I have recently discovered this method. I always had an interest of vintage sound reproductions. I was fiddling with my records and makeshift horns and was plesently surprised that it can actually reproduce sounds!
The sound quality is not as superior as you can hear via electronic speakers, but hey, its only made out of paper! :P
The best records to play with are wider groove records- microgroove records doesnt tend to respont too well as the "needle" on the horn is wider than a microgroove. You may also want to try it on original 78's (they have even wider grooves) as those were originally played in a very similar way. I dont own a 78 so I never tried it.
It works best with stronger paper- about 100-120gsm(not card though). Also, you shouldnt press the needle too hard. The needle (and horn) will only last for several minutes before the needle gets blunt- this can only be used for several minute's fun. To be honest, needles in gramophones only lasts for one play anyways!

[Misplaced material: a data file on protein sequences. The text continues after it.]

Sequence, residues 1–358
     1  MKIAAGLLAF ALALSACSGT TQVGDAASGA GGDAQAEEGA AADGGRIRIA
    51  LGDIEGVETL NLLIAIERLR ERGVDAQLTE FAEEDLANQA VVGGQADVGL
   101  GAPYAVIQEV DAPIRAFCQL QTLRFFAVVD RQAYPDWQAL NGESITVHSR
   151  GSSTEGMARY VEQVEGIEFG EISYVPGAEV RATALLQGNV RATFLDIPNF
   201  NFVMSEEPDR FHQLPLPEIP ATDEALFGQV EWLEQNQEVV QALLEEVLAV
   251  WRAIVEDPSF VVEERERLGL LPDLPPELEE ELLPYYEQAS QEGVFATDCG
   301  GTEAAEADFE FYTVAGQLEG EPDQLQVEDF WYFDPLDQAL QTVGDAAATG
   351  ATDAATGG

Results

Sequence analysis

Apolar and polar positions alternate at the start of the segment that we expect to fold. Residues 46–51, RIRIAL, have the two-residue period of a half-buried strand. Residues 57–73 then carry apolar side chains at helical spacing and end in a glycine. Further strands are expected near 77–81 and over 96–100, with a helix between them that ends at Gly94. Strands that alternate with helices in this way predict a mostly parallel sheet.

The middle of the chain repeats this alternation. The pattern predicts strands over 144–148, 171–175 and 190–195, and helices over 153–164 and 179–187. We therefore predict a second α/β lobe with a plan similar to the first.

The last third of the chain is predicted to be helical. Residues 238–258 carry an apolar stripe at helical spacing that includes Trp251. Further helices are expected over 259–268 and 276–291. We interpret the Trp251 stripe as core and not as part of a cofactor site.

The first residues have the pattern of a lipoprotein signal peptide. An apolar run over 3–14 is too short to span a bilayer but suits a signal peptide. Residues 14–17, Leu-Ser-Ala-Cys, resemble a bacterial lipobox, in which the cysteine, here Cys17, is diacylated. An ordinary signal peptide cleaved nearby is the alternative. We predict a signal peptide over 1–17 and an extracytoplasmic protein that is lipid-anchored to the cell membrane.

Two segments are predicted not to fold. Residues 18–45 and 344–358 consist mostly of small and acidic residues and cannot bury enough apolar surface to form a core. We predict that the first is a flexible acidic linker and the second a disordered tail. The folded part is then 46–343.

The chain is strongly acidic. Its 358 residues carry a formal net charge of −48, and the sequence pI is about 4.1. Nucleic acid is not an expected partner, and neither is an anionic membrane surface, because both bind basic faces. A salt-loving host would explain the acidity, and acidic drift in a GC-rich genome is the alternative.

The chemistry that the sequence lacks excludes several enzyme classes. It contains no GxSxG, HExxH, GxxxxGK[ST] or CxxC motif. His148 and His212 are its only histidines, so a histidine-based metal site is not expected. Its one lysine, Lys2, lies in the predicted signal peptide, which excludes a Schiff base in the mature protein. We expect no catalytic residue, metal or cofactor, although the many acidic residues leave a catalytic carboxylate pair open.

You know when the needle gets blunt as the sound quality/volume has reduced and sometimes the needle will fray out and ride on 2 grooves (listen carefully to the very end of the song!)
Next time you have a power cut, you may want to use this method (and turn the turntable by hand!) xD
SME (on behalf of Crazy Warthog Media); SOLAR Music Rights Management, LatinAutor, BMG Rights Management, LatinAutor - Warner Chappell, Sony ATV Publishing, UBEM, ARESA, Warner Chappell, LatinAutor - UMPG, Abramus Digital, LatinAutor - SonyATV, CMRRA, ASCAP, LatinAutor - PeerMusic, and 14 Music Rights Societies
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